Robinson Crusoe Questions and Answers
by Daniel Defoe

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How did Robinson Crusoe's character change spiritually? Can you identify at least three examples that would be controls in a research paper of how be became more religious throughout his journey. 

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Although it is a cliche to say that Defoe's The Life and and Adventures of Robinson Crusoe of York, Mariner (1719) is a spiritual biography, the novel is just that: before his ill-fated voyage, Crusoe is at odds with both his father and his God,

and my conscience, which was not yet come to the pitch of hardness to which it has since, reproached me with the contempt of advice, and the breach of my duty to God and my father (http://www2.hn.psu.edu/faculty/jmanis/defoe/crusoe.pdf (7),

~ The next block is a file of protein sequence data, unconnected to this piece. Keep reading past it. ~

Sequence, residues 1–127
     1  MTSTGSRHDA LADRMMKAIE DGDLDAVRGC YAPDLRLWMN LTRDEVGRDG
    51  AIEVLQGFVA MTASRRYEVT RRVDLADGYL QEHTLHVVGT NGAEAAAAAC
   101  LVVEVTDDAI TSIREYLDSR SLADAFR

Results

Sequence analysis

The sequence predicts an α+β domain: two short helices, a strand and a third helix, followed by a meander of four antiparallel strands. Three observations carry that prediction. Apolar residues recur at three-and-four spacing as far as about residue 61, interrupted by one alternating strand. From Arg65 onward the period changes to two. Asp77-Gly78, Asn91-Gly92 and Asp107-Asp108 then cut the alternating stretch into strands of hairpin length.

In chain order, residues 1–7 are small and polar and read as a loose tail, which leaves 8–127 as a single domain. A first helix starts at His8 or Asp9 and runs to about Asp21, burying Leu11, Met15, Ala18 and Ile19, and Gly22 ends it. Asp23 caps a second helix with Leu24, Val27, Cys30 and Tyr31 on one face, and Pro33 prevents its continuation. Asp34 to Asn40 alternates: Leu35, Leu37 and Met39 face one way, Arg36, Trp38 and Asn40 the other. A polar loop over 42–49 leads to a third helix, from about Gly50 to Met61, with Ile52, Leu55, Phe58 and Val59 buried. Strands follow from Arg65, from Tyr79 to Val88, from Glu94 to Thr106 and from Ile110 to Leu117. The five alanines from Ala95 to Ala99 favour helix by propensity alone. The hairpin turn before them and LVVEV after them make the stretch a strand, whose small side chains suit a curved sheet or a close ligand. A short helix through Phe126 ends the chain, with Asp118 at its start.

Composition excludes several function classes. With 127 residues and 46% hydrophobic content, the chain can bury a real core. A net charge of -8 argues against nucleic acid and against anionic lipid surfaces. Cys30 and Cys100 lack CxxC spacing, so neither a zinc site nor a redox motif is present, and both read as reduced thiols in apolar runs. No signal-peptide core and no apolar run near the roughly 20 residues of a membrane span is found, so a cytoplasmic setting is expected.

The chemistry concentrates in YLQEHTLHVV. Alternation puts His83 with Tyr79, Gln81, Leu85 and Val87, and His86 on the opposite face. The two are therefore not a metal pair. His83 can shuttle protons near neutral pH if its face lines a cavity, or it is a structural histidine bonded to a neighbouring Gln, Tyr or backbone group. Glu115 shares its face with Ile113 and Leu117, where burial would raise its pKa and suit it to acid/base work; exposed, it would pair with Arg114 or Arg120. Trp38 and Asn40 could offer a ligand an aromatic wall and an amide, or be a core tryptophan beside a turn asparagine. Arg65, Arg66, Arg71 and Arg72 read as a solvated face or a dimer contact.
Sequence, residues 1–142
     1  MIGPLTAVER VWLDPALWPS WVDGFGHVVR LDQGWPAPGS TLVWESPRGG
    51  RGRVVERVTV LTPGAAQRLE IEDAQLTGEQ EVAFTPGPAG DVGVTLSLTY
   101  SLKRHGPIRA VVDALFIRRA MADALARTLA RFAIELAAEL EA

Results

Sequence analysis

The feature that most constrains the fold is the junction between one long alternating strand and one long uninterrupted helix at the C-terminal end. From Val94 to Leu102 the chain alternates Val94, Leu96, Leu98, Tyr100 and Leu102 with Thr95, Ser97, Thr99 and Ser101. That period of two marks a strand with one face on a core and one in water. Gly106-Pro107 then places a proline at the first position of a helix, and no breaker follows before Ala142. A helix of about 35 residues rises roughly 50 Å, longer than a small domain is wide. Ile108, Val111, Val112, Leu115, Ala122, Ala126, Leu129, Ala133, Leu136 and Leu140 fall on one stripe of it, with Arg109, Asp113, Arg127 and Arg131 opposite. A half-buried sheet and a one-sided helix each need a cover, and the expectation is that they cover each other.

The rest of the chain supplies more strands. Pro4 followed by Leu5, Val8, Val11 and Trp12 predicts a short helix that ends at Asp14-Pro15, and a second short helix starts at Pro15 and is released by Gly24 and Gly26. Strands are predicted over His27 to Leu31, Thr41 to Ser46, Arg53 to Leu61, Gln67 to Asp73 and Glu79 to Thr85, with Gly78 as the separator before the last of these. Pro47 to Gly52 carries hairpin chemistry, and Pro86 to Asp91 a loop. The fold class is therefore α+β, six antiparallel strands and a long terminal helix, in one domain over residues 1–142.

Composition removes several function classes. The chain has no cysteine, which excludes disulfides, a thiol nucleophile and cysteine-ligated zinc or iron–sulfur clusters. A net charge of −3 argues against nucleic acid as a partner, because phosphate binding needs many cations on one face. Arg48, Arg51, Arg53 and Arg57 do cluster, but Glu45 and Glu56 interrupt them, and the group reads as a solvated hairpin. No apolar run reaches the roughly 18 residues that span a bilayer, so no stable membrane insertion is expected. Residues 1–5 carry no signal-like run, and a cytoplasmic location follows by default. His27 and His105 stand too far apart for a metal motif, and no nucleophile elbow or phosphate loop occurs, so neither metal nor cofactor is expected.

and at the conclusion of his voyage, he comments that his life has been characterized, so far, "Providence's chequer-work" (259), acknowledging the role of God in the outcome of his adventures.

At many points after Crusoe's religious conversion, he makes very conventional statements about "God's grace" and the "power of Providence" as an integral part of his life.  These are statements that any outwardly religious person might make on a daily basis, but in his fourth year on the island, Crusoe discusses his...

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